Wisconsin Governor Scott Walker’s highly controversial plan to rein in public employee unions is still tied up in the courts. But one reason fellow governors are watching Wisconsin so closely — beyond the bare-knuckled politics — is Walker’s claim that, among other things, the plan would mean Wisconsin is “open for business.”
But do weakened labor protections make a state better for business? The evidence is mixed.
In the Workforce category of America’s Top States for Business, we do reward so-called “right to work” states, as well as states with a lower percentage of union members. That’s because while unions would argue their members are more productive and do higher quality work, few businesses see unions as a selling point when deciding where to invest.
But “Workforce” is but one of our ten overall categoriesof competitiveness, and a strong finish here doesn’t guarantee a top ranking overall. Look at Florida. With weak unions and an abundance of available workers, Florida boasted America’s top workforce in last year’s rankings. But the Sunshine State finished 28th overall, hobbled by a weak economy, high costs, and a substandard education system.
In Wisconsin, a traditionally schizophrenic state — the birthplace of public employee unions and the Republican party — Walker hopes to accentuate the state’s right wing personality, and perhaps improve Wisconsin’s anemic 29th place ranking in our study last year.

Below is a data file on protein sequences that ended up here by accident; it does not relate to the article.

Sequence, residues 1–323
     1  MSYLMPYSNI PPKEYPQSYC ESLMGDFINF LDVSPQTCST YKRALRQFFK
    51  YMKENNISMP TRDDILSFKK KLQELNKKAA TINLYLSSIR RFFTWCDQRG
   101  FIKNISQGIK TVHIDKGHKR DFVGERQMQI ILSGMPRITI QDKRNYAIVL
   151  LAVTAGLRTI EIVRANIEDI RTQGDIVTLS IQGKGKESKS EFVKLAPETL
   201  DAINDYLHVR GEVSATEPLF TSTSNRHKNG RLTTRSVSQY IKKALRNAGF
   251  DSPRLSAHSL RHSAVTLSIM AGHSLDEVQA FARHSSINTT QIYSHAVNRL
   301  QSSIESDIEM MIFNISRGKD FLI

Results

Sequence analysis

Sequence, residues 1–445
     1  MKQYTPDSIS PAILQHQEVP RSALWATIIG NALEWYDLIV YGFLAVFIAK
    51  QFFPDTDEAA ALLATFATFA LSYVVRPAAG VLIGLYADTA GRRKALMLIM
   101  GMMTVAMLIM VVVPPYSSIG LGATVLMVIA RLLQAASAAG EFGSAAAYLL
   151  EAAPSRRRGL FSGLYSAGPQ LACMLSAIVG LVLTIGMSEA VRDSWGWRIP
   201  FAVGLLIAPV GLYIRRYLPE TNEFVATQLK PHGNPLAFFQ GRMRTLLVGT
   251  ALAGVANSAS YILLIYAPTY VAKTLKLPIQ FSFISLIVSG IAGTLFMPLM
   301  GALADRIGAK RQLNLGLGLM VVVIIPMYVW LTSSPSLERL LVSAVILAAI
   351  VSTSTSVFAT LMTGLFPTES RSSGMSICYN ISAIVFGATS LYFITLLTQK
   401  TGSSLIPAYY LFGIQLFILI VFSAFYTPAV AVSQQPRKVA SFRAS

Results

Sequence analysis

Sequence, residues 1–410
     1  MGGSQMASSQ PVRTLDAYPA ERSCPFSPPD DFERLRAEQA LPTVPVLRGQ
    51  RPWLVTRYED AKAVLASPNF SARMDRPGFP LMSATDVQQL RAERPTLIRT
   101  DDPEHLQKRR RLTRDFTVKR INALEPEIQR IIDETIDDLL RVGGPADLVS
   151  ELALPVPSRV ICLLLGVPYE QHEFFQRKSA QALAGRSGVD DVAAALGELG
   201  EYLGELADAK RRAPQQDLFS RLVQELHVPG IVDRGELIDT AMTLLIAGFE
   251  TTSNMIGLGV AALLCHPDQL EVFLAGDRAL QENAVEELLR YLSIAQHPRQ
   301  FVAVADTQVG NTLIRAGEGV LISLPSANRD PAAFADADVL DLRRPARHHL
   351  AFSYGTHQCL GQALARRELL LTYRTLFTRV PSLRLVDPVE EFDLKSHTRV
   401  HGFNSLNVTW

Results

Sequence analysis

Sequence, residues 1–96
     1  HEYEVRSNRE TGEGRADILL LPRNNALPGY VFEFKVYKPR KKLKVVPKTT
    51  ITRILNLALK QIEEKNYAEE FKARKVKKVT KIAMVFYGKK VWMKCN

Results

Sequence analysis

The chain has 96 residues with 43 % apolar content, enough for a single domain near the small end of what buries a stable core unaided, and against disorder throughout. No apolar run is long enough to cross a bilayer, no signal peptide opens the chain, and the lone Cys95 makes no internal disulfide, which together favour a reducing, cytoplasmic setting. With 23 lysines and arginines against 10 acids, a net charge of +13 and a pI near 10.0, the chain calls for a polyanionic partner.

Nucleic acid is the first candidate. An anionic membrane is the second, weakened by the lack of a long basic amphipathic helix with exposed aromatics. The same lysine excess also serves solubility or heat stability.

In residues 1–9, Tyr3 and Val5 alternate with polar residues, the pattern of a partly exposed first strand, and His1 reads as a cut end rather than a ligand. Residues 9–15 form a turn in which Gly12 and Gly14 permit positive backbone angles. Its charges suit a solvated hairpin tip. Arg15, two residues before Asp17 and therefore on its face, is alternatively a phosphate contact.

“As your governor, I make this pledge,” Walker said in his inaugural address in January. “Wisconsin is open for business!”
Walker’s plan goes beyond weakening the state’s public employee unions, taking direct aim at the state’s $3.6 billion budget shortfall.
“We’re broke! We don’t have any more money,” Walker said earlier this year.
On the chopping block: health care and education, including a controversial restructuring of the state’s vaunted university system (full disclosure: I am a proud alumnus of the University of Wisconsin at Madison).
But critics note the state would not face the budget predicament it’s in were it not for the generous business incentives and tax cuts implemented by Walker soon after he took office. And in the delicate balance of competitiveness, every action by a state to improve its standing has some sort of reaction.
If Wisconsin pursues cuts in healthcare in order to improve its economy, the state could risk its standing in our Quality of Life category. The state finished in the middle in that category last year — number 29 — and would have done considerably worse were it not for Wisconsin’ relatively solid healthcare system.
In Education, where Wisconsin finished a respectable number 12, the state finished in the top half in every metric with the exception of class size. Cutting the state education budget does not necessarily mean Wisconsin’s education system will suffer — we do consider per-pupil spending, but we also look at the outcomes of education including test scores. Still, a key ingredient of a successful business is an education system that produces skilled workers and offers a knowledge base that companies can tap into.
Wisconsin’s Walker is betting that if he can fix the state’s economy, the rest of the competitiveness mix will fall into place. He may be right, but it is no sure thing.